Charles Kernaghan, executive director of the institute, said all but one of the labels found at Smart Export so far were European. Labor groups have said at least one U.S. company has shown up in factory documents, swimwear brand Hawaiian Authentics, which is produced by New York-based M. Hidary & Co. Inc.
Kernaghan said Bangladesh exports apparel to the EU duty free under the “Everything but Arms” preference program and noted the EU should reevaluate that program.
“The EU has to review their duty-free policies,” Kernaghan said. “They should be limited to factories that obey the law. The EU can talk all they want about upholding freedom of association and workers’ rights. But they should send a significant delegation to Bangladesh to inform the government that in order to keep up this collaboration, workers need to have the basic internationally recognized labor standards. All they have done is talk for the last 20 years and nothing has changed.”
Kernaghan said there also needs to be more pressure by the U.S. government, although he credited some in the U.S. for taking a strong stance.
“The U.S. ambassador to Bangladesh has been very strong in saying there will be no duty-free access to the U.S. until conditions improve,” Kernaghan said. “That is a step forward. The U.S. is also taking a serious look at getting rid of small duty-free access to Bangladesh through the GSP program and that would be important symbolically to cut back.”
Scott Nova, executive director of the Worker Rights Consortium, said fundamental reform in Bangladesh cannot advance without retailers and brands taking more responsibility and being held accountable for the inadequate fire safety protection in the Bangladeshi garment industry.
“When there is a fire or an embarrassment, brands and retailers do whatever they have to do to weather that particular storm and then they move forward with business as usual,” Nova said. “That is why we’ve asked brands and retailers to sign an enforceable agreement that will compel them to undertake the fundamental reforms in their supply chains in Bangladesh that are necessary to make these factories minimally safe. What is needed is a renovation of the entire industry in Bangladesh because most factories are not structurally safe. If they were located in the U.S., they would be shut down tomorrow and it is not just at the subcontractor factories but at the top-tier suppliers that many brands and retailers use.”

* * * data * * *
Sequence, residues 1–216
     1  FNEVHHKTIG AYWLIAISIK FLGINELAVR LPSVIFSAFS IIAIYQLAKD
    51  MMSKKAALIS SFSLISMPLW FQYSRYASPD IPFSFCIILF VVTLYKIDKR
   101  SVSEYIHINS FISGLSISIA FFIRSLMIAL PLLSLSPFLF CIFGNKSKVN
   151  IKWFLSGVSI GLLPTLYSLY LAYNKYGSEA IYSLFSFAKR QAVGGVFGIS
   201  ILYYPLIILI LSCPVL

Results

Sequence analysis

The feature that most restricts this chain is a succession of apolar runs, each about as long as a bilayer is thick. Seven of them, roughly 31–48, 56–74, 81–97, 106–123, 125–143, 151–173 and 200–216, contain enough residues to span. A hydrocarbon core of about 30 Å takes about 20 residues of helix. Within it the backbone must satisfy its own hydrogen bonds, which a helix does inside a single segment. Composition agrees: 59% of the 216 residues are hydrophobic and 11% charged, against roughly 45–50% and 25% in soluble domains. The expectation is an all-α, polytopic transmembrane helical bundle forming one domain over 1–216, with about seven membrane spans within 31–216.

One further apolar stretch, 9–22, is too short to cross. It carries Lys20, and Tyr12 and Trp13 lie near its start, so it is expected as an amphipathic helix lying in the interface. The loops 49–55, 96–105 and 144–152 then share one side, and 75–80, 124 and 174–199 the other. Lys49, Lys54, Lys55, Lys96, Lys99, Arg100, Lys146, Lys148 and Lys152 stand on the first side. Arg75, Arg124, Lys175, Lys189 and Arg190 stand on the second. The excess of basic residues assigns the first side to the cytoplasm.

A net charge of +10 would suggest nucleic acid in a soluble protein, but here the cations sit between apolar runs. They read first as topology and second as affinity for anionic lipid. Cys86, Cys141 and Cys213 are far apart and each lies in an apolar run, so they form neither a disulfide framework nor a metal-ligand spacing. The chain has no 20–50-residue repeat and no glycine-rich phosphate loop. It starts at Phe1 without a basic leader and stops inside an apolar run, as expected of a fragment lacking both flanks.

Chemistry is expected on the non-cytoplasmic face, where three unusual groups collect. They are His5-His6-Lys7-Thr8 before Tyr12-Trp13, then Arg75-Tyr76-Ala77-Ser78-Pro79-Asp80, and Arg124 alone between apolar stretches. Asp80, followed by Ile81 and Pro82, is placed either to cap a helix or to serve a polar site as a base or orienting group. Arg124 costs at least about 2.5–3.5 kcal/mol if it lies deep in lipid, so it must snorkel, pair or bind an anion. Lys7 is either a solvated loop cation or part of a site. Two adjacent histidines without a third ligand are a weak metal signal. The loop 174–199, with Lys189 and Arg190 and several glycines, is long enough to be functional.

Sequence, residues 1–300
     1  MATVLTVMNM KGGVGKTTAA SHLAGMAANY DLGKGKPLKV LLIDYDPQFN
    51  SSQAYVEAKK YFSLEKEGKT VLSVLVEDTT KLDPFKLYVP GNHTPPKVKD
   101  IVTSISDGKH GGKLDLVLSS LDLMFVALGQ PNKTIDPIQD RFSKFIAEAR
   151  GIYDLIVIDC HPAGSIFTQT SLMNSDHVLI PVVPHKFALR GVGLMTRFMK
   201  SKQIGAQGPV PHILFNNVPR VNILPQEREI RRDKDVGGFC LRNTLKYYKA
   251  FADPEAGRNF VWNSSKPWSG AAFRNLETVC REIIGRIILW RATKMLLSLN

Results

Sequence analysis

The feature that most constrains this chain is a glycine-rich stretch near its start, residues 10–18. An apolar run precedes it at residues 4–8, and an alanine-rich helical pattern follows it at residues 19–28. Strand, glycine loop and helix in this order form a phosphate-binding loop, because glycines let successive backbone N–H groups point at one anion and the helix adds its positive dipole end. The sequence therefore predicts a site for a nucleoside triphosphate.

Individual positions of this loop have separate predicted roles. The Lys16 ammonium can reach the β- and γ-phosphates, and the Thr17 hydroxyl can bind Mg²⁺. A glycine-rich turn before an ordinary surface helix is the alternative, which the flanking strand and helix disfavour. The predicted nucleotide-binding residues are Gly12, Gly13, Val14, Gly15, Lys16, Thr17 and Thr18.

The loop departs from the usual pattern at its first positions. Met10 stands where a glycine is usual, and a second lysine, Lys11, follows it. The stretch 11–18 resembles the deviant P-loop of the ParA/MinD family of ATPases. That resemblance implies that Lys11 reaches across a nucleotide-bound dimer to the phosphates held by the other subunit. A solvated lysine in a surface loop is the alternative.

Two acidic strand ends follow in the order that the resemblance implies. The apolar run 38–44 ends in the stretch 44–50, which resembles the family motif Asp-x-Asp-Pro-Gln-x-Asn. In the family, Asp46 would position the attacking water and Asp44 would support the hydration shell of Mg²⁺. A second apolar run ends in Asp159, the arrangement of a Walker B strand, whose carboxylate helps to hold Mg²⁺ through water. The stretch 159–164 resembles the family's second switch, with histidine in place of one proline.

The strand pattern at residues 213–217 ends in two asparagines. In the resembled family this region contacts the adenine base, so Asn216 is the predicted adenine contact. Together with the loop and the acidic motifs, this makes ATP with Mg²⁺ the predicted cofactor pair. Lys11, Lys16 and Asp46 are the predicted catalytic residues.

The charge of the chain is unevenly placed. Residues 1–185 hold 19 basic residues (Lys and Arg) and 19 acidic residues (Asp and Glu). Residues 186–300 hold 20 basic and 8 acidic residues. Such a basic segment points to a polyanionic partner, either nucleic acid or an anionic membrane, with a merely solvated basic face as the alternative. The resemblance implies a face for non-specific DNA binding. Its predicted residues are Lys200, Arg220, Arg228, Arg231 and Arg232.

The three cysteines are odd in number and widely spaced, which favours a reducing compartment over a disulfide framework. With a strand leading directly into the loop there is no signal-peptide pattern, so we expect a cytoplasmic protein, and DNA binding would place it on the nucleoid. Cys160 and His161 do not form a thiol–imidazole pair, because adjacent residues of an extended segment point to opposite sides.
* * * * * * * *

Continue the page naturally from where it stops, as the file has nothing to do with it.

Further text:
Nova said many of the buildings can be retrofitted, which would cause a temporary suspension in production, but he stressed that the factories cannot be renovated without financial support from foreign retailers and brands. He said for the cost of 10 cents more a garment, the factories can be renovated and made safe.
The consortium is part of a coalition of prominent labor and human rights groups that say the solution lies in more transparency and collaboration that gives workers more involvement in the safety of their workplaces. The coalition is pressing brands and retailers to sign on to the “Bangladesh Fire and Building Safety Agreement” that aims to implement an independent fire and building safety program in Bangladesh apparel factories. It would establish a two-year program to enact in-factory enforcement, develop a worker complaint process and mechanisms for workers to report health and safety risks, set up inspections by independent experts, implement public reporting of all inspections, establish a central role for unions and create a binding contract between the brands and worker representatives.
So far, only two companies — PVH Corp. and German retailer Tchibo — have signed it. The agreement will not take effect until at least two more major companies sign on.
Wal-Mart sent a letter to its worldwide suppliers on Jan. 21 stating it was adopting tougher rules on fire safety at its contractors and would have zero tolerance for suppliers that used unauthorized subcontractors. In a move it said was aimed at increased transparency and accountability, Wal-Mart told vendors it was adopting a zero-tolerance policy to subcontracting in which they must “fully and accurately disclose” in advance any factories they or any of their subcontractors plan to use or will be subject to termination even if an undisclosed factory is used “without the supplier’s knowledge” by anyone in the supplier’s supply chain.
Peter Klestadt, a partner in Grunfeld, Desiderio, Lebowitz, Silverman and Klestadt, specializing in trade and customs issues, said, “I don’t know if unknown subcontractors is so much of a reality anymore. Legally, the import company is required to declare to customs who the manufacturer of the product is and it creates an obligation to not just turn a blind eye anymore. As a result, there is a greater transparency, and certainly the Wal-Marts and Kohl’s of the world know that.”